Look after those running feet
Thursday 21 December 2017
Sustaining an injury whilst training for a marathon or a local charity race can become a soul destroying and frustrating episode in any sportsperson’s career. The good news is that we have the power to limit our risk by being aware of the simplest of mistakes. Here are a few repeat offenders that are easily remedied yet are surprisingly common.
Blisters and Chaffing
Your feet sweat about a cup of water a day and that’s without exercise, so imagine how much they sweat when you go on a run? It is vital that you make sure you have absorbent and breathable socks, ideally natural fibre socks like cotton.
If you are prone to blisters try to wear two pairs of socks so that the socks themselves abate the friction. If you prefer, a good petroleum jelly lubricant can be rubbed onto your feet just as you would other friction prone areas.
Finally make sure your foot wear is the correct size. Remember the thumb rule: Thumb width from end of shoe to beginning of toes.
Ensure you do not buy new running shoes close to the run or race. Allow yourself and your feet the time to get used to the shoes. Ideally 3 weeks to a month graduated wear–in before the big day.
As a guide shoes should average 500-600miles, after which a new pair should be bought. Ensure you judge the wear of the trainer by the midsole and not the upper or outer sole. If the midsole looks compressed or you start to get shin or joint pain it is probably time for a new pair. A quick test is to fold the shoe in half; if you can do it easily with one hand then it is time to get some new shoes.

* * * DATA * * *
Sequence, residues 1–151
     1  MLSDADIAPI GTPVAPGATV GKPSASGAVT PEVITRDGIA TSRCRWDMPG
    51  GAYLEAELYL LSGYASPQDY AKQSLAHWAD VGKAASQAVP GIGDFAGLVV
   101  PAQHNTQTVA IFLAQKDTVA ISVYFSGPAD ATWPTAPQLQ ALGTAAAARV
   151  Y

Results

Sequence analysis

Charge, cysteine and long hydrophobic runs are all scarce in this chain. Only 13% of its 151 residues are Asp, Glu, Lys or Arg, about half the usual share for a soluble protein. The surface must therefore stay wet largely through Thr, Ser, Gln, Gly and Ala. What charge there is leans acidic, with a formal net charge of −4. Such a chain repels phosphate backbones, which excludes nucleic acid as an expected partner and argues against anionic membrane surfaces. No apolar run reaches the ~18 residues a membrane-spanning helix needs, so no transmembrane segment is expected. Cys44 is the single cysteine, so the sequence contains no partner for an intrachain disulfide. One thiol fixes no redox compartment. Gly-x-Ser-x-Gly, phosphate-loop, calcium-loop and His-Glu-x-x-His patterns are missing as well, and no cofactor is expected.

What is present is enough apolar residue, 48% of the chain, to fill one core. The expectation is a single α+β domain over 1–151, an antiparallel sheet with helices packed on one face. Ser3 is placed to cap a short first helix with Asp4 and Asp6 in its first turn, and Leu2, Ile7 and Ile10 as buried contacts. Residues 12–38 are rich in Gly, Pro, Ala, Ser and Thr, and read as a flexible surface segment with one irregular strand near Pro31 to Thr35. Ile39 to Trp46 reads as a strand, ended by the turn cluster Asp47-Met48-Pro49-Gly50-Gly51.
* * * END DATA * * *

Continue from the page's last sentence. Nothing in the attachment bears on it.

Warm up and stretches
Make sure you give yourself the time for a warm up and a cool down. There is the fact that cold muscles are about 20% shorter and research recommends active and dynamic stretching over static. You should do a series of lunges to stretch the muscles out. We recommend a good active 5 minute warm-up and then the ‘10% cool down rule’ i.e. If you run for an hour you should do stretches for six minutes to cool down. All runners should ensure they do this before and after every training run or race and not ignore this vital stage of their running routine.
“No pain no gain” is a common term yet complicit in sports injury. Arguably with regards to fitness and increasing endurance there may be a remnant of truth to it. However, when there are particular areas of pain or injury it is your body saying “no more”, ignore this and you are guaranteed a very long and frustrating rehab. Remember there will always be another race to run, so if you are in any pain you must go and see a specialist.It may not all be doom and gloom and could simply be that your solution will be different stretching exercise or a change of footwear.
If you are determined to become a statistic and truly must race with your injury then give yourself a fighting chance with the “wrap them and strap them” maxim. Keep injuries warm before and cool down properly after your race. Try and support any injury during the run by strapping or braces. Whatever works best for you.
We will share a little secret with you, a phenomenal little injury fighter that is available to all. Sleep. Yes, it is the truly amazing elixir to your health and improving running performance. Sleep and periods of rest are vital to allow your body to repair and grow in strength and ability. So remember get a good rest during your training and especially before your race.
Help is at hand
If you do have any lower limb Musculoskeletal concerns then contact Jared Green, Musculoskeletal Podiatrist at North Downs Hospital. He is available to offer advice on injuries and put you on the road to recovery for your next race. For an appointment please call 01883 348 981.